• Are resource needs defined for each process? What are they?
  • Are the communication channels defined? What are they?
  • Does the organization provide internal and external information about the process? How is it done?
  • Is feedback obtained? How is it done?
  • Are needed process data defined? What are they?
  • Are needed records defined? What are they?

Plan-do-check–4.1e. Measure, monitor and analyze these processes:

  • Is process performance (process capability, customer satisfaction) measured? How is it done?
  • Are necessary measurements determined? What are they?
  • Is the gathered information analyzed? How is information analyzed (statistical techniques)?
  • Are the results of analysis known? What do the results tell the organization?

Plan-do-check-act–4.1f. Implement action necessary to achieve planned results and continual improvement of these processes.

  • Are the processes improved? How are they improved? What improvements were made?
  • Are necessary corrective/preventive actions identified? What are they?
  • Are corrective/preventive actions implemented? When?
  • Are corrective/preventive actions effective? How is effectiveness determined?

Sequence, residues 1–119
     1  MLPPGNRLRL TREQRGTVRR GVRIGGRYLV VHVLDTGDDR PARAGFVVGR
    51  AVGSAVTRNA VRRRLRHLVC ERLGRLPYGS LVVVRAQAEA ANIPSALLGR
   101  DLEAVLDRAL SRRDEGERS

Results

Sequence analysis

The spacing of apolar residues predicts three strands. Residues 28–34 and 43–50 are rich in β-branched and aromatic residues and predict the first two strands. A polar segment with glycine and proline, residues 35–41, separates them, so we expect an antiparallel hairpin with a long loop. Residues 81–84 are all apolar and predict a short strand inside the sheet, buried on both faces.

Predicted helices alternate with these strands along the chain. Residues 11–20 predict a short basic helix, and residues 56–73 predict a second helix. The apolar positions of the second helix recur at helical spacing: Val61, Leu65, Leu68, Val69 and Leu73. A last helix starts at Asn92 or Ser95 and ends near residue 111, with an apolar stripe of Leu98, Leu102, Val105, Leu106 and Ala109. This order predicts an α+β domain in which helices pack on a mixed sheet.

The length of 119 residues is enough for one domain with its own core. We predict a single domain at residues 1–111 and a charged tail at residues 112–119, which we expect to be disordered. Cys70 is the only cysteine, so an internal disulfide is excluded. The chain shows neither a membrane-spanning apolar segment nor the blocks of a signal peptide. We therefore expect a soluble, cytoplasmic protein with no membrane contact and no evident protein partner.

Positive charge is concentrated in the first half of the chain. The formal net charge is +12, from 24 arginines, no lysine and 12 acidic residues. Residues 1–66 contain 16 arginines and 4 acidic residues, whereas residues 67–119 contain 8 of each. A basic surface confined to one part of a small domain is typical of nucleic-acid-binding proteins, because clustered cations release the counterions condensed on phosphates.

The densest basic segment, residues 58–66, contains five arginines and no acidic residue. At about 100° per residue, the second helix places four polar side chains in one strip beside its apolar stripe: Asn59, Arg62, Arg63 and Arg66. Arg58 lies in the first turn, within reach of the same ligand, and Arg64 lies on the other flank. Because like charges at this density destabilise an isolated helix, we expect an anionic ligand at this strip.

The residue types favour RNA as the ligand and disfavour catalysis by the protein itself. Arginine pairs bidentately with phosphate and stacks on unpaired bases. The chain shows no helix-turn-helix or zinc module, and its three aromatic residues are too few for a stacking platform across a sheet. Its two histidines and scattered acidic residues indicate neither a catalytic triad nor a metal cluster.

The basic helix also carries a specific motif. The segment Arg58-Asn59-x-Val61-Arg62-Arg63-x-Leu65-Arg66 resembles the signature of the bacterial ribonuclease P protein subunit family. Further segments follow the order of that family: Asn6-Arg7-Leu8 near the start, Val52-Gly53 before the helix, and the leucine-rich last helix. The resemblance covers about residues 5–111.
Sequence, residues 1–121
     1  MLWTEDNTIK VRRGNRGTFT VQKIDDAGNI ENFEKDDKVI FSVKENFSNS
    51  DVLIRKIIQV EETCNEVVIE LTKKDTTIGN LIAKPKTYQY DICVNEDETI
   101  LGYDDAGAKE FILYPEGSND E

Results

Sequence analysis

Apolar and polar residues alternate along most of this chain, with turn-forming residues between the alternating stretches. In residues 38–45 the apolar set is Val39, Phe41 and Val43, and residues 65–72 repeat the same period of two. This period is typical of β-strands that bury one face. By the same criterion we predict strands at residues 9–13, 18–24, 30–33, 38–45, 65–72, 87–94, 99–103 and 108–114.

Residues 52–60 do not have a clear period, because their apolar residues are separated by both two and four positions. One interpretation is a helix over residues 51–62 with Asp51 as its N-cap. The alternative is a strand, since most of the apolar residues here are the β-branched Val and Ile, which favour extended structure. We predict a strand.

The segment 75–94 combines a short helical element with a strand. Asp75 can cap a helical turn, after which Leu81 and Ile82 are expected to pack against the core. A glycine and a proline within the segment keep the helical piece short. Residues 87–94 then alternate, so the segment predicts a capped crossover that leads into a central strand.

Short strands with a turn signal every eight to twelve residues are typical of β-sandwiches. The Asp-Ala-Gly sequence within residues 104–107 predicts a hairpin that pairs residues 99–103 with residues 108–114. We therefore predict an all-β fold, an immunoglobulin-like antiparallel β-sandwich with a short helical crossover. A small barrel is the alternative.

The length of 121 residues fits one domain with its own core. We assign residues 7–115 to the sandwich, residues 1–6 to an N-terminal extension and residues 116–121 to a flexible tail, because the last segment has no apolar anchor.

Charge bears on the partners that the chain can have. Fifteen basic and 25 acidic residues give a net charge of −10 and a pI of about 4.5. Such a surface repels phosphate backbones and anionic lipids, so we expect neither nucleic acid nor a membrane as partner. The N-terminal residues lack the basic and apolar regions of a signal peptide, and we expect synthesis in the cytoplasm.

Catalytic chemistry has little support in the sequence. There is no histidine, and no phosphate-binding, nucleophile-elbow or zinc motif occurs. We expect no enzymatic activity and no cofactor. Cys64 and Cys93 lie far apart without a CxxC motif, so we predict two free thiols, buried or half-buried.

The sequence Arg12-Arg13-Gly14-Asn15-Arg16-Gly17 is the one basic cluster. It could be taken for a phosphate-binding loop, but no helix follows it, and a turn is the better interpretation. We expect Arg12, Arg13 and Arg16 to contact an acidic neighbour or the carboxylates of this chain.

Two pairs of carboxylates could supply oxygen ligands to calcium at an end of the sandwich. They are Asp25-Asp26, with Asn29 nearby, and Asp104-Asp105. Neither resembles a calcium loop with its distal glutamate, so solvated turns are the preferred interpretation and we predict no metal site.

Function vs. Process

Most businesses and organizations start off using the process approach, but as they grow, functional departments are formed. Managing by department or function leads to more emphasis on function performance and less on the processes for providing a value-added product or service and achieving customer satisfaction.

Whether or not your organization claims to conform to ISO 9001 requirements, the previous questions can identify management system opportunities. Organizations that use the system approach to management benefit in the following ways:3

  • Their processes are integrated and aligned.
  • They have the ability to focus efforts on key processes.
  • They have greater confidence they are operating in a consistent, effective and efficient manner.


  1. ISO 9001:2015 Quality Management Principle
  2. 2. ISO 9000 Introduction and Support Package: Guidance on the Process Approach to Quality Management Systems, ISO Technical Committee 176, Subcommittee 2/N 544R, 2001.
  3. 3. Quality Management Principles brochure,,
    Sept 22, 2003. Note: This website has been replaced by the link in reference 1 above.

About the author

J.P. Russell is an ASQ Fellow and a voting member of the American National Standards Institute/ASQ Z1 committee. He is a member of the U.S. Technical Advisory Group to Technical Committee 176, the body responsible for the ISO 9000 standard series. Russell is the managing director of the internationally accredited Quality Web-Based Training Center for Education,, an online auditing, standards, metrics, and quality tools training provider. A former RAB and IRCA lead auditor and an ASQ Certified Quality Auditor, Russell is author of several ASQ Quality Press bestselling books, including Process Auditing Techniques; Internal Auditing Basics; ISO Lesson Guide 2015: Pocket Guide to ISO 9001:2015; and he is the editor of the ASQ Auditing Handbook.

This article first appeared in the ASQ Quality Progress Standards Outlook column December 2003.
The content of this article is important because of the valuable implementation questions it preserves.